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Case number 32: Thiemann’s disease
  1. P Mangat,
  2. A S M Jawad
  1. Department of Rheumatology, The Royal London Hospital, Bancroft Road, London E1 4DG, UK
  1. Correspondence to:
    Dr A S M Jawad
    alismjawad1hotmail.com

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A 19 year old man attended hospital after his recent discharge from the navy owing to his hand arthropathy. His symptoms began aged 14 years with swelling but no pain or disability of his distal interphalangeal (DIP) and proximal interphalangeal (PIP) finger joints. At the age of 17 he joined the navy and 1 year later began to experience considerable pain in his hands while carrying out his duties. He was reassigned and after 3 months of light duties was symptom free, although his joints remained swollen and deformed (fig 1). Flexion at the PIP and DIP joints was limited (fig 2), and the hands were functionally normal with an average grip and pinch strength. He continued to work as a gardener with no joint symptoms. Both his father and paternal grandfather had had the same condition.

Figure 1

 The PIP and DIP joints of the fingers of both hands are swollen.

Figure 2

 Flexion at the PIP and DIP joints is limited.

Blood tests showed normal haemoglobin, white cell count, and erythrocyte sedimentation rate (ESR). A hand x ray examination showed the classical radiological features of Thiemann’s disease with flattening, broadening, fragmentation, and irregular opacification of the phalangeal epiphyses (fig 3).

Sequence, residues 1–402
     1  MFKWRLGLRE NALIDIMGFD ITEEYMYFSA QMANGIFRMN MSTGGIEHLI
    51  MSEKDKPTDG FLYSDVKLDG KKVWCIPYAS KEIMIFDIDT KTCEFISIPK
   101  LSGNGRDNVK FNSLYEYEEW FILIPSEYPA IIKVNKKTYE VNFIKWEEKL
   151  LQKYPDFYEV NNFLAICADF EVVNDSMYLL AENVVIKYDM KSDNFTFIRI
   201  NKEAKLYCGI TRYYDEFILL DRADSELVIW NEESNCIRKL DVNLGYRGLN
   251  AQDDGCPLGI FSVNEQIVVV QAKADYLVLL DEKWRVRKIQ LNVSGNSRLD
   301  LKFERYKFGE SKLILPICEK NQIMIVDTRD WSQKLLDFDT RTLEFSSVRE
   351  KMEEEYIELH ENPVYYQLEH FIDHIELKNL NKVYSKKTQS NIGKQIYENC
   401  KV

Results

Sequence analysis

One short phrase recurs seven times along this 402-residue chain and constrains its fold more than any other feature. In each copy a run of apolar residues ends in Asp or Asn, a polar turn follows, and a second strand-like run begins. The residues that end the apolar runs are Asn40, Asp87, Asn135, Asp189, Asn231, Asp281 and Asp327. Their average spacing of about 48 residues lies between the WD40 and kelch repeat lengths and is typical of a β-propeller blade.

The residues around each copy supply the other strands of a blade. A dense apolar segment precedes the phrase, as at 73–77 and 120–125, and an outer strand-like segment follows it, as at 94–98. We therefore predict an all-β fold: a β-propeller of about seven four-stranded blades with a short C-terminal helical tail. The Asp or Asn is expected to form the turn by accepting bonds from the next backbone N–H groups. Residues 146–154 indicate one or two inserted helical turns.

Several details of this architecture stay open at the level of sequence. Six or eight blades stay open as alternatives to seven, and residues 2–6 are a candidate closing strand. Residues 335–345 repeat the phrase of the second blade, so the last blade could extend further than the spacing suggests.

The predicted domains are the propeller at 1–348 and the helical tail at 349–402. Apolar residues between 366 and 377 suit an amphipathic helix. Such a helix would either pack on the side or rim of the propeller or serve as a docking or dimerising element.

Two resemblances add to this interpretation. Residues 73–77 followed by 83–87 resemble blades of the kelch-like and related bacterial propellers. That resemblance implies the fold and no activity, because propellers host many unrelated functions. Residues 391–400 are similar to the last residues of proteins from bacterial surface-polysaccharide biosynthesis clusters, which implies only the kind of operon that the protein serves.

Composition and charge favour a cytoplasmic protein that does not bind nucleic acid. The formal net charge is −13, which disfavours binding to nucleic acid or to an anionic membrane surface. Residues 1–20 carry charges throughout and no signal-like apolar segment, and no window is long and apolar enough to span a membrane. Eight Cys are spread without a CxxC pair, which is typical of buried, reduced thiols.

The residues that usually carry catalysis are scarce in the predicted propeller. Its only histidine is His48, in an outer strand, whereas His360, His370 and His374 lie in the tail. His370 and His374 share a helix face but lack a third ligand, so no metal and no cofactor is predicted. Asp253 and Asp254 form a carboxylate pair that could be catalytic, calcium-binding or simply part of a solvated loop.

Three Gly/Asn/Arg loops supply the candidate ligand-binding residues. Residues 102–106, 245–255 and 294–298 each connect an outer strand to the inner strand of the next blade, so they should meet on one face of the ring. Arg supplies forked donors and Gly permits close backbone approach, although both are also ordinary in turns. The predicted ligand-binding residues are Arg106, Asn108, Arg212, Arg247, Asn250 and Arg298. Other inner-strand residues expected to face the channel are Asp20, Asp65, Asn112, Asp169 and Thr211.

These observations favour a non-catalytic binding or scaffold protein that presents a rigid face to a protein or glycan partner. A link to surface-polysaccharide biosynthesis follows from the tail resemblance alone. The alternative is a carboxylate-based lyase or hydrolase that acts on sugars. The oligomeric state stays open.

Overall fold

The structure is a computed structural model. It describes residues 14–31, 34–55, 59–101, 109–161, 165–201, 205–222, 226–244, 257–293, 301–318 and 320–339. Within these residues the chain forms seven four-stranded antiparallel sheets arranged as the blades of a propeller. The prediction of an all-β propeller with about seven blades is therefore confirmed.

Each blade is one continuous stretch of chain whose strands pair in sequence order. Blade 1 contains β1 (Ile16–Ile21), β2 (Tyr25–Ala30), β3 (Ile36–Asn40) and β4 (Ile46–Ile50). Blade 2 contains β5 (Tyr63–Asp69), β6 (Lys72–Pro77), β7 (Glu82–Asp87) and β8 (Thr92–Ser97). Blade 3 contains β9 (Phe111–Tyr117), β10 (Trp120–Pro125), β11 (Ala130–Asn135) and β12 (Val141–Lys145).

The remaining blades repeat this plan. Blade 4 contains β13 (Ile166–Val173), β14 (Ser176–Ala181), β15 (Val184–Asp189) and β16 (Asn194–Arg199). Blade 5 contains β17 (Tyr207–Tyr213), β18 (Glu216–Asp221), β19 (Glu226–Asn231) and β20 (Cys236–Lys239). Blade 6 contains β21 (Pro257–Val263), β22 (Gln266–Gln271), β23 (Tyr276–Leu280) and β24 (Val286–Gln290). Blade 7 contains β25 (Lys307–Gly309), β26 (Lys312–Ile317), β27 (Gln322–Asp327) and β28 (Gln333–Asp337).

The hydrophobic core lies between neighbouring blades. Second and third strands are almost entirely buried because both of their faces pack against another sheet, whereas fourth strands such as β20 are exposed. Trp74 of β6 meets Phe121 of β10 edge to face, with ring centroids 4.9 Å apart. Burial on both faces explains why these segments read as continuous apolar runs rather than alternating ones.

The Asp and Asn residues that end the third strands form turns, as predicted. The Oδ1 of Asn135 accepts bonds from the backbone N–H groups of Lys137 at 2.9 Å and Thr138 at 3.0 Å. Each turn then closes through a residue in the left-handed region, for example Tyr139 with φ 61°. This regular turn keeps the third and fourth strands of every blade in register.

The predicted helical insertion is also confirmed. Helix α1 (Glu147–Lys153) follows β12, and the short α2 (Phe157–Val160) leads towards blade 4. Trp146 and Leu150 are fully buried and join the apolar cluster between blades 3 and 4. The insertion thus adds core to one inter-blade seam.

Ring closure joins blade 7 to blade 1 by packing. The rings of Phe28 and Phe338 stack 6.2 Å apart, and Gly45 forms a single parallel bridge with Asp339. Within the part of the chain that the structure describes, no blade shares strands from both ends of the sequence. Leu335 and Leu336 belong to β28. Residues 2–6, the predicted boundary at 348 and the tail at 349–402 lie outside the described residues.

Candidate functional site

Figure 3

 Flattening, broadening, fragmentation, and irregular opacification of the phalangeal epiphyses.

Thiemann’s disease was first described in 1909 in a 16 year old boy who had noted progressive enlargement of his PIP joints.1 It manifests as painless swelling of the PIP joints of the fingers occurring before 25 years of age. Blood tests, including acute phase markers, are normal. The radiological findings are initially those of flattening, broadening, fragmentation, and irregular opacification of the proximal phalangeal epiphyses, followed by late osteoarthritic changes.2 Differential diagnosis includes osteochondrosis (infarct of epiphysis secondary to a blood dyscrasia), rheumatoid arthritis, osteoarthritis, an infective lesion, trauma, and metabolic or endocrine disorders.3

The condition has been reported as an autosomal dominant hereditary disease with strong penetrance, resulting in an equal sex distribution,4 and also as sporadic cases showing a threefold male dominance.2 Histological investigation has shown aseptic necrosis of the bone with normal vessels and no inflammation.5 Thiemann’s disease often has a benign course; a follow up of seven patients presenting in adolescence found only two had continuing long term symptoms, and radiographs after growth plate closure showed normal phalangeal dimensions without arthrosis in four patients.6 Trauma may worsen the prognosis by deformation of a susceptible epiphysis.6

Treatment comprises reduction in those activities producing symptoms,7 with good response as illustrated by the sailor.

REFERENCES

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